One of the most important designers in the history of American fashion, Donna Karan, is stepping down as chief designer of Donna Karan International.
The designer created a modern system of dressing for legions of successful women, while establishing a tremendous rapport with her customers, which continues to this day.
Karan cofounded DKI with her late husband Stephan Weiss and Takiyho Inc. in 1984. In 1996, DKI went public on the New York Stock Exchange, and in 2001, LVMH Moët Hennessey Louis Vuitton paid $243 million for all outstanding shares in DKI, plus $400 million for Gabrielle Studio Inc., the licensor of the Donna Karan trademarks.
“LVMH and I have made this decision after much soul-searching,” said Karan on Tuesday. “I have arrived at a point in my life where I need to spend more time to pursue my Urban Zen commitment to its fullest potential and follow my vision of philanthropy and commerce with a focus on health care, education and preservation of cultures. After considering the right time to take this step for several years, I feel confident that DKI has a bright future and a strong team in place.”
Pierre-Yves Roussel, chairman and chief executive officer of LVMH Fashion Group, said, “Since 2001, LVMH and Donna Karan have partnered to develop Donna Karan International into a global business. It has been a privilege for all involved to collaborate with Donna and we are very pleased she has agreed to remain an adviser. We are committed to fully realizing the potential of the company while staying true to the spirit and value Donna has championed for more than 30 years.”
Caroline Brown, ceo of DKI, added, “Donna Karan is a visionary designer, who changed the way women dress by redefining power and sensuality. Her influence has been extraordinary and will continue to inspire for years to come. As she steps into this new role, I speak for the many teams at DKI in supporting her great legacy and reinforcing our commitment to it for our next chapter.”
At the present time, DKI won’t seek a successor for Karan as chief designer of Donna Karan Collection and will suspend that brand’s runway shows and collections for now. The company plans to continue to support the Karan brand through its strong license business. DKI will also reorganize its teams and structure in order to substantially increase its focus on the DKNY brand.
Ironically, Karan’s fall 2015 designer collection was deemed to be one of her best. “The opening look might as well have been a chic sandwich board heralding, ‘I’m back!’” wrote WWD in its review, which praised her tailoring, “spectacular outerwear,” dresses and blouses with volume, untricky layers, and “two black strapless evening gowns that were better than beautiful.”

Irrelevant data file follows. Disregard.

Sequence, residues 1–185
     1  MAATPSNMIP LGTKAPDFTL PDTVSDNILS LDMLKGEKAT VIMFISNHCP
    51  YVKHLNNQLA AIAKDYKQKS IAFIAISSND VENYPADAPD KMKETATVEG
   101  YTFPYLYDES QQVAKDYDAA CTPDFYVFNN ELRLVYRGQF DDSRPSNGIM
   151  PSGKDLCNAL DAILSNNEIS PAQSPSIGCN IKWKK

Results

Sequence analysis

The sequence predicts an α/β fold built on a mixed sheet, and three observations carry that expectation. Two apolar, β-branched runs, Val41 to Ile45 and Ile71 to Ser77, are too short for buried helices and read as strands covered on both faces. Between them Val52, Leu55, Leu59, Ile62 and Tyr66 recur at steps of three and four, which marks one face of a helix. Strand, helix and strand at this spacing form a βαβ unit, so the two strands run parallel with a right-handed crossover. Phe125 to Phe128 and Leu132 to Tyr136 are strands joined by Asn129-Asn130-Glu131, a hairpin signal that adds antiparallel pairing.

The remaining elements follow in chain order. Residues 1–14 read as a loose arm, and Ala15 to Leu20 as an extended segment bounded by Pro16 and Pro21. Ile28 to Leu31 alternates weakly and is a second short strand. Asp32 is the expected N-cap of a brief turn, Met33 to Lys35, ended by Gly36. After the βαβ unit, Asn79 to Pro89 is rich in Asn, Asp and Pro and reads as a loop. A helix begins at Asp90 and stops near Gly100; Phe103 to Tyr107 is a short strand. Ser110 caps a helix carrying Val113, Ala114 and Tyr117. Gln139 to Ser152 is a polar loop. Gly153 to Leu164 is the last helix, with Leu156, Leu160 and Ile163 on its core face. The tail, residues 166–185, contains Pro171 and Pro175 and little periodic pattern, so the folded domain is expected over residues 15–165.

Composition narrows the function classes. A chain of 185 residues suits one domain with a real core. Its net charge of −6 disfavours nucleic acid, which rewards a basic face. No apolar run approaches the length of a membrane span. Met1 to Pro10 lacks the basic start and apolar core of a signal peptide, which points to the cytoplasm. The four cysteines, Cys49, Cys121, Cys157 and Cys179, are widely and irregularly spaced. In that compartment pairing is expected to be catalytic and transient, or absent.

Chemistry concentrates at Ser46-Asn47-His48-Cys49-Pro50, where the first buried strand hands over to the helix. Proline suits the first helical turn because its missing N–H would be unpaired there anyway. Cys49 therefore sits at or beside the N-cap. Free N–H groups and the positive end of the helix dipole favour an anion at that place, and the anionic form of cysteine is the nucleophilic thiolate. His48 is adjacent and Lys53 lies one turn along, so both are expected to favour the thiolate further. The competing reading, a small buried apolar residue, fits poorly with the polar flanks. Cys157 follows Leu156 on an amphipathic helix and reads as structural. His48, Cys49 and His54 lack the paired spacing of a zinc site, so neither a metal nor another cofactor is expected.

In April, DKI made a design switch at DKNY, replacing Jane Chung, executive vice president of design at DKNY, with Dao-Yi Chow and Maxwell Osborne, founders and creative directors of Public School, the buzzy men’s wear brand. When they were hired, it was reported that they would report directly to Brown. September will mark their first DKNY collection.
According to sources, DKI may be considering merging the Donna Karan Collection into DKNY and offering a broader range of price points — a similar, but opposite tack taken by sister brand Marc Jacobs, which is incorporating Marc by Marc Jacobs into the Marc Jacobs collection.
She launched her signature collection in May 1985 after a run as codesigner with Louis Dell’Olio at Anne Klein. Her concept revolved around a jersey bodysuit and several interchangeable items that she called her “seven easy pieces.” Designing lifestyle pieces, rather than simply clothes, Karan set out to dress the woman from head to toe and developed personal relationships with her customers. In the early days, it was not unusual for Karan to be in a retail store, with pins in her mouth and down on her knees, personally fitting a customer in the dressing room. Her signature pieces have always been black cashmere, leather, stretch and molded fabrics, as well as silhouettes that wrap and sculpt the body.
On Tuesday, Karan said, “Donna Karan is a part of me, past, present and future. It has been an honor to speak woman to woman about ‘Seven Easy Pieces’ that forever changed the way women dress. I want to express my gratitude and my deepest feelings to the dozens and dozens of colleagues over the years who have helped take Donna Karan New York far beyond my wildest dreams.”